4.14.2015

The Need for "Safety Culture" in Radiation Oncology

I recently had the opportunity to speak with both Lawrence Marks and Lukasz Mazur, who are the authors of a very important new book titled Engineering Patient Safety in Radiation Oncology: University of North Carolina’s Pursuit for High Reliability and Value Creation. During our conversation, I asked them: "Why did you write this book? What was unique about your experiences?" Here are their complete separate responses:

Lawrence Marks: I studied engineering before medical school. I have always been struck by the differences between engineering and medicine; particularly in the way that the workplace in organized, how work in done, and how each address safety concerns. In the engineering setting, it is often acknowledged that people’s actions, and hence safety, are impacted by things such as leadership, workplace/workflow design, and the organization’s safety culture. This lesson has not been widely learned within medicine. As medicine in general, and radiation oncology in particular, have become more complex, it is becoming increasingly important to consider these “upstream” factors.

For the most part, radiation therapy is very safe. Nevertheless, there are recognized risks. Further, the interactive complexity of modern practice makes it challenging predict where problems will occur. Presently, much of the emphasis on making radiation therapy safer is in the realm of technical solutions: medical physics, computer software, etc. These initiatives are necessary and will certainly help to address the safety issues. This approach alone, however, will not bring us to the level of reliability we strive to achieve.

We can and should do better, and the way to do that is to apply lessons from engineering/industry. We must consider the leadership/administrative component, the workplace and workflow component, as well as the people component, to minimize errors. We must use Lean improvement principles to motivate and enable all colleagues to be actively involved in assessing and improving their own systems -- This will increase safety mindfulness and help to create a “safety culture.” It is only through this multipronged approach that we can become the highly reliable organization that our patients deserve. And this is the focus of this book. We provide an honest and heart-felt summary of our journey in applying this approach in our radiation oncology clinic. We hope that readers will become motivated to apply similar strategies in their own clinics. While we did this work in the context of radiation oncology, the lessons described are applicable in any area of medicine.

Lukasz Mazur: Most quality and safety improvement programs in healthcare delivery industry are currently structured to: transform leaders into effective change agents, design efficient and ‘waste-free’ workplaces, and develop people into creative problem solvers. This is perhaps one of the key reasons why continuous quality improvement (CQI) programs based on Lean or Six-Sigma philosophies become so popular and are now being implemented throughout the healthcare delivery landscape. Despite many positive reports in the academic literature, books, and press, however, it is still difficult to determine whether the transformation of colleagues to innovative problem solvers has indeed occurred in the healthcare organizations utilizing CQI programs. One of the reasons for this shortcoming is lack of valid and detailed implementation – the basis for transformation to safety mindfulness.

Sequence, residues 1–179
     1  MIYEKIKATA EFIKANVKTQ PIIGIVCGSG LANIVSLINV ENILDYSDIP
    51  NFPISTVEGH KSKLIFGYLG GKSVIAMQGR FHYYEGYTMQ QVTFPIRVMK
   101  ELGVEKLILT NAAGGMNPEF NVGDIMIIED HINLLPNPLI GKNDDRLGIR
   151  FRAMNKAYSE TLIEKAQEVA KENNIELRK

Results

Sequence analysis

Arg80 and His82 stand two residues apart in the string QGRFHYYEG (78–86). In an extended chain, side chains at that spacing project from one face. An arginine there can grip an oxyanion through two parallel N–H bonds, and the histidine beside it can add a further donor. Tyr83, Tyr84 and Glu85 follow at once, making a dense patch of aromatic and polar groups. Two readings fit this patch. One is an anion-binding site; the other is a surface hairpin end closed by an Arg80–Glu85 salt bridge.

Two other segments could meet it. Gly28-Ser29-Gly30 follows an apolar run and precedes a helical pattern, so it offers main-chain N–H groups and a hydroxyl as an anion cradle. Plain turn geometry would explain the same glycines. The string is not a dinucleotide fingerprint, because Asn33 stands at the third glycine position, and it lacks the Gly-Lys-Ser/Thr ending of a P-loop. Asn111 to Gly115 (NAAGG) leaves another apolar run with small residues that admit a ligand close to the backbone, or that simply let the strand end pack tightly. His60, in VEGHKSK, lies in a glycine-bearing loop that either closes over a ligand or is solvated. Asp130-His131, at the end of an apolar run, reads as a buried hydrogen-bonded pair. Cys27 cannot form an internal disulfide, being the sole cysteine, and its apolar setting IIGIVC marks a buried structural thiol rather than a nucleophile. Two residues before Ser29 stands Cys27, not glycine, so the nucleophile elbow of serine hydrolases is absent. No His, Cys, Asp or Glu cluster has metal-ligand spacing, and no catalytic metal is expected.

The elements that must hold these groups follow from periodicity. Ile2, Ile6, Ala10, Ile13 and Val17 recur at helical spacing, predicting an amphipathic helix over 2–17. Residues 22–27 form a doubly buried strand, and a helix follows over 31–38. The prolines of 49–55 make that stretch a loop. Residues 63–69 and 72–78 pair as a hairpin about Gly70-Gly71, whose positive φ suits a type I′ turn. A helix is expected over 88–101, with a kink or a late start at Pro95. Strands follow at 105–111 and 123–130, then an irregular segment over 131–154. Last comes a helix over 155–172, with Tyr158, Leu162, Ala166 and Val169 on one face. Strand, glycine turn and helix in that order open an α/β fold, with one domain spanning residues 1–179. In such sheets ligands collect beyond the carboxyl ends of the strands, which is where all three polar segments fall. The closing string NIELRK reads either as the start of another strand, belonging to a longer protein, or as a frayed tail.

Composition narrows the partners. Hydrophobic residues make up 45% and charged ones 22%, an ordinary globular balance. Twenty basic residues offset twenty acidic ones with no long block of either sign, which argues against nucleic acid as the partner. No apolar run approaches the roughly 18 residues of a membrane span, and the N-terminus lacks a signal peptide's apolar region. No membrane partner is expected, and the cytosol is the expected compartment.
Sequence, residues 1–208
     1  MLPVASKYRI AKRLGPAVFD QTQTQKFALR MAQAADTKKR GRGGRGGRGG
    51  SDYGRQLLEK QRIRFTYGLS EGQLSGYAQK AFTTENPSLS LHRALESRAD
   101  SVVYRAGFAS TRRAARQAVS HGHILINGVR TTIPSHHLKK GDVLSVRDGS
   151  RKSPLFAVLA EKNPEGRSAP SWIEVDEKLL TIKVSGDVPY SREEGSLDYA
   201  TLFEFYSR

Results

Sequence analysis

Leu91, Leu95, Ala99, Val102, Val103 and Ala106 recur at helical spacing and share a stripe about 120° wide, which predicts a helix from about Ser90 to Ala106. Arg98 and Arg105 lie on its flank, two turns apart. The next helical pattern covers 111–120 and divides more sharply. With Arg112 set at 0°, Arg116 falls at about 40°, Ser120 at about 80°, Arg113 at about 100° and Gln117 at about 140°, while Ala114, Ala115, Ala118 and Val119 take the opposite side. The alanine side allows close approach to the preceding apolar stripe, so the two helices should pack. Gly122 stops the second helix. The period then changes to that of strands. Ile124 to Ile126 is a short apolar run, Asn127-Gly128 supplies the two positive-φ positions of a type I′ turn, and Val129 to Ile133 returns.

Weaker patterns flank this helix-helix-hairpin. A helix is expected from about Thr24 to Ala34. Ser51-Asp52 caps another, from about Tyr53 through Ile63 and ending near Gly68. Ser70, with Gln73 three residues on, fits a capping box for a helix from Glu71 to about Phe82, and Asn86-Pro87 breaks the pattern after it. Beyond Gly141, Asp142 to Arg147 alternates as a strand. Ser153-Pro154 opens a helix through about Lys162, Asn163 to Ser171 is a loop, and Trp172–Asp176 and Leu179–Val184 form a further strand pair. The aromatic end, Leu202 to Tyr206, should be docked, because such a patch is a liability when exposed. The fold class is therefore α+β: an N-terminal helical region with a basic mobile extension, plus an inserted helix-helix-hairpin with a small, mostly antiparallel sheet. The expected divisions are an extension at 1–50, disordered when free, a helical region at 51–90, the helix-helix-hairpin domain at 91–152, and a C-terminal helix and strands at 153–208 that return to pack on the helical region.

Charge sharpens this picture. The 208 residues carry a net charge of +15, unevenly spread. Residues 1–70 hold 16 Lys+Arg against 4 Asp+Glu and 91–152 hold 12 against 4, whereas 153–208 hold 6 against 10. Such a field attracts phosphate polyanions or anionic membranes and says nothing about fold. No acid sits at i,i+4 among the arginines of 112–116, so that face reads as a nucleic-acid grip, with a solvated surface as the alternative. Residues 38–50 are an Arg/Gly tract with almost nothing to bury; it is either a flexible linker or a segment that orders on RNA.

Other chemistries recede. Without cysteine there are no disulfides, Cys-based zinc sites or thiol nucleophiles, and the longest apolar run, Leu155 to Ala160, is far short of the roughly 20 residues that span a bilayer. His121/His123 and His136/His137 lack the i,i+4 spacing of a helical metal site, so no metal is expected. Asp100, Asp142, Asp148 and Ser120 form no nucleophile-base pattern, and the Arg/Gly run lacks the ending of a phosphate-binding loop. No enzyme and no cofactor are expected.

This book’s purpose is to fill this shortcoming and provide ample examples of our hard work at transforming our leaders, enhancing our workplaces, and supporting people in their journey towards safety mindfulness. We have an important message to send—that the patient safety and quality concerns within radiation therapy (RT) field are not merely a technical issue, but rather a more global cultural issue grounded in attitude and behaviors. We emphasize a need for leaders to create and nurture a culture that promotes a transformation from quick fixing, conforming, and expediting behaviors to enhancing and initiating behaviors. Leaders must acknowledge that they are responsible for modeling and developing these desired improvement behaviors in colleagues by developing infrastructures that promote these values and, as needed, use their authority to enforce these values as well. 

The broad application of the principles described in our book to healthcare can make healthcare delivery more efficient and safer. At the end, this can benefit all of us – providers, patients, and families. 

What are your thoughts on the application of lessons learned from Lean initiatives in engineering and industry to radiation oncology clinics?

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